With this change, the EFB project was restarted and, in 2016, all Air Hong Kong pilots were given iPads. For two years, they were looking for applications and the right mounting for the aircraft then, in early 2018, the airline started an EFB trial. At the start of 2019, approval was granted by the Hong Kong CAD (Civil Aviation Department) for Air Hong Kong’s EFB using Navblue eChart as the chart type B software and Web Manuals for the manual.

However, the journey did not end there, as the EFB solution (figure 2) shows.

Figure 2

It’s very simple with RAM suction cups and Pivot cover, a simple solution but it does the job. Figure 3 shows the next project at Air Hong Kong which is EFF (Electronic Flight Folder) with an in-house Cathay Pacific application which has also been approved and which pilots at Cathay Dragon are already using: it will next be adopted for Air Hong Kong following a trial in early 2020 and, if approved, Air Hong Kong will start using the application. It basically digitalizes all flight plans, NOTAM and weather.

Figure 3

After the EFF project, the next project will be the eTech Log (ETL/ELB). There is still some way to go on Air Hong Kong’s journey to digitalization but hopefully, by the end of 2020, the airline will be completely paperless.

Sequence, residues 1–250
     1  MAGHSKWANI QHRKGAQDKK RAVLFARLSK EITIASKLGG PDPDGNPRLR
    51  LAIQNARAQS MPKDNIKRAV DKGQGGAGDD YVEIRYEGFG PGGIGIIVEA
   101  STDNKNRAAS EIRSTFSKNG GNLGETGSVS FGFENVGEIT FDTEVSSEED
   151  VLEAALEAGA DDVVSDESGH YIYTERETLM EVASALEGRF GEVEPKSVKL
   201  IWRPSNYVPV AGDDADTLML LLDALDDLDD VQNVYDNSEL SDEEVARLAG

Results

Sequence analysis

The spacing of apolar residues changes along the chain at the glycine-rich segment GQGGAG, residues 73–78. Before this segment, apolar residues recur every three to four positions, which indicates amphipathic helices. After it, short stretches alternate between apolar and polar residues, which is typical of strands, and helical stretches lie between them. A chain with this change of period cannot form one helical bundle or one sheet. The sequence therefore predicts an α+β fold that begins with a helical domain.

In figure 4 is Air Hong Kong’s old system for managing manuals, working with paper; as readers will know, it generates a lot of work and can take up to a month to revise a paper manual.

Figure 4

The revisions need first to be recorded and those notes handed to Publications who, in turn, will draft them into a revised copy and return that, in the case of Air Hong Kong, to Atila who will make further adjustments, send them back for re-drafting and to be returned again… Then each changed part of the manual has to be seen by the departments that it affects and they’ll come back with more corrections. It’s a lengthy process and, because of this, Air Hong Kong would often hold a number of revisions until there was enough material to make a more complete manual update.